For my birthday lunch, San Diego son Scott offered to take me anywhere in the city. I knew exactly what I wanted. Russian food. Prep for the Big15Trip.
I’ll continue to be up front about the fact I’m a foodie failure. I tried—to cook innovatively; love kale; pay attention to the ‘in’ restaurants; read and love and plan to visit NOMA; and, not least, to enjoy foodie conversations with kids, grandkids, and friends who pay attention to the more glamorous aspects of what we put in our stomachs to stay alive.
Me, still the failure. As mentioned ad nauseam I have been to 95 countries and rarely found anything to eat that excited me. Not the fault of the world’s food purveyors, I am just not a good eater. Here’s my complete list of food recommendations for world travelers. All over Asia…Udon noodles. All over Africa…South African Bobotie. All over the Middle East…Umm Ali. All over the U.S….biscuits. All over Western Europe…Swedish meatballs. All over South America…I remember liking Peruvian food but not why! All over Australia and New Zealand…I was sick all of the time and pretty much subsisted on Dunkin Doughnuts (with sprinkles). All over North Africa…some kind of Tunisian egg dish cooked in a thin pastry thing.
I’ve saved the Best for Last. All over Eastern Europe. First time I found a regional cuisine to embrace. Especially borscht. Polenta and sour cream. Meat fat drippings spread on brown bread. Light clear soups with a bit of tang, fresh-tasting herbs and lots of sour cream.
Since my visit to that part of the world, I’ve tried to make creamy polenta (with limited success) and, with the help of my foodie son, have made very fine borscht.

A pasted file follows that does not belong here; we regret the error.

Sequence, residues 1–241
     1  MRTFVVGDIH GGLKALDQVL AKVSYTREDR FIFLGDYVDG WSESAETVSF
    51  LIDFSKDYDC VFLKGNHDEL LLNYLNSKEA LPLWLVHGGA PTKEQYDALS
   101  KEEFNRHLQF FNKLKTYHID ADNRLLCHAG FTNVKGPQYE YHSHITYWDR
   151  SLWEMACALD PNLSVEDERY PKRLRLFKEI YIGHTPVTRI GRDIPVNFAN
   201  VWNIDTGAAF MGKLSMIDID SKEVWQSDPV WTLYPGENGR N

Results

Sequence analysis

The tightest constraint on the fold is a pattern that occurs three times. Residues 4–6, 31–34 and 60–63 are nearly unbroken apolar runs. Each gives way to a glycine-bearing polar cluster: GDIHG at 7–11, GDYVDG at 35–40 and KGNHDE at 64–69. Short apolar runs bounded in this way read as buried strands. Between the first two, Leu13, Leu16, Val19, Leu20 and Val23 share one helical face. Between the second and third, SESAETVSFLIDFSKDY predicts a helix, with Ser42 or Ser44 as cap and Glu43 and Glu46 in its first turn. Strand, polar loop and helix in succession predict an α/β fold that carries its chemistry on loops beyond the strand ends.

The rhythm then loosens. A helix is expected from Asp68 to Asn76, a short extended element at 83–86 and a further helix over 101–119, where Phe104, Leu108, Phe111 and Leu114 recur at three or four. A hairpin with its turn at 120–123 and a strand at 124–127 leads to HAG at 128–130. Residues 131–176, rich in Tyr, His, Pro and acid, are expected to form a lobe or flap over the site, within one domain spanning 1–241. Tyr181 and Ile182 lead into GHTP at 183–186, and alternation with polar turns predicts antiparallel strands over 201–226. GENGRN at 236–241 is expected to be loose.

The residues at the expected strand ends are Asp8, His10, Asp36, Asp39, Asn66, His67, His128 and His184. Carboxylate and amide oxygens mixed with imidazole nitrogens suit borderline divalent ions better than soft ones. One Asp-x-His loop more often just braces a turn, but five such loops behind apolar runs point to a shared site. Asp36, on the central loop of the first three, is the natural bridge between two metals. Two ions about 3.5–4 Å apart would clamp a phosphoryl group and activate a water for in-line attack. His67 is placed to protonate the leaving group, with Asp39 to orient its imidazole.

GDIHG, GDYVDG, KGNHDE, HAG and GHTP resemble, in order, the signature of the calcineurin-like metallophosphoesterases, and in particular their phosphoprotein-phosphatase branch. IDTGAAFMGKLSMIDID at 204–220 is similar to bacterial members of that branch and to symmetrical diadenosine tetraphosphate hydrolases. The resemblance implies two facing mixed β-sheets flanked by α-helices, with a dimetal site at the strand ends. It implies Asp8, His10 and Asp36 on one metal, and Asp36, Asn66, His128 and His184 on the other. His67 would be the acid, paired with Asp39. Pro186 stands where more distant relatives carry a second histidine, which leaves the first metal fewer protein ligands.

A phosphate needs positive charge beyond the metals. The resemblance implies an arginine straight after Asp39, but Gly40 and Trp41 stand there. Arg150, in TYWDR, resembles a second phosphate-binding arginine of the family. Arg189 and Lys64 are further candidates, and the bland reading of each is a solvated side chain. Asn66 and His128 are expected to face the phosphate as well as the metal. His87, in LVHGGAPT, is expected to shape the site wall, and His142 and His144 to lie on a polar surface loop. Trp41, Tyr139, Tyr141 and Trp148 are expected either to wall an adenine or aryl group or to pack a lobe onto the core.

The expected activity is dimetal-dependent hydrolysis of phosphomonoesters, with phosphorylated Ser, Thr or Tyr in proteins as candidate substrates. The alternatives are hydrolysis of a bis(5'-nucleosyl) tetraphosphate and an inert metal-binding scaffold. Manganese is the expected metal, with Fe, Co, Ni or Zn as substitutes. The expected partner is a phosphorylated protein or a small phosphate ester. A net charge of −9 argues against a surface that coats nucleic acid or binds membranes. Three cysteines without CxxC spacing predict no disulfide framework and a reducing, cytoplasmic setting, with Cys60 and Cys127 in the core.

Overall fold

Back to my birthday lunch at San Diego’s Kafe Sobaka/ Restoran Pomegranate (www.pomegranatesobaka.com) was our choice and a good one it was.
We are just in time for a celebratory noontime shot of vodka, not part of my typical Friday lunch—certainly not pomegranate-infused in any case—but you’re only 76 once. A lovely lunch followed. Borscht, fresh and crimson (or maybe I mean Beet Red) combining those lovely attributes of healthful and delicious. Scott and I shared a few other dishes which I won’t describe since I’m including both their menu and address. I had intended to describe everything in detail on Yelp but since it was two weeks ago can I just say freshly prepared, beautifully seasoned, rich, authentic, and prettily presented.
The food was only part of this perfect luncheon experience however. I did mention the restaurant itself is charming didn’t I? Character it has. And most especially, friendliness it has in large quantities. On this day it was due to Irina, the bright and beautiful girl from St. Petersburg who was our server and guide to all things food and Russia. Upon hearing that I would be in St. Petersburg in August, she gave me her mother’s telephone number in case I have any issues and her email in San Diego where she is a student at SDSU if I have any more questions. Besides all of this she wrote out a whole personal guide to her home city while we were eating.
If Irina and Alla at Real Russia are examples of the people I’ll meet on my Russian journey I will want to visit often.
Here are a few of my photos followed by a portion of the menu just to share Café Sobaka’s quirky and inviting sense of humor.
Kafe Sobaka/ Restoran Pomegranate
We offer a casual peasant menu shaped by seasonal produce, faraway spices, fine dining techniques, and foraged ingredients that we learned at the knees of our babushkas.
4 possibilities for dining sizes: Communist (priced for the people at $2.87), Socialist(S), Imperialist(I), and Anarchist(A-amount and price change daily.) Ask your server for pricing on the different sizes.
*To those paying in cash we offer a glass of free tea from the village of Gusevka or a bone for your dog to encourage financial responsibility.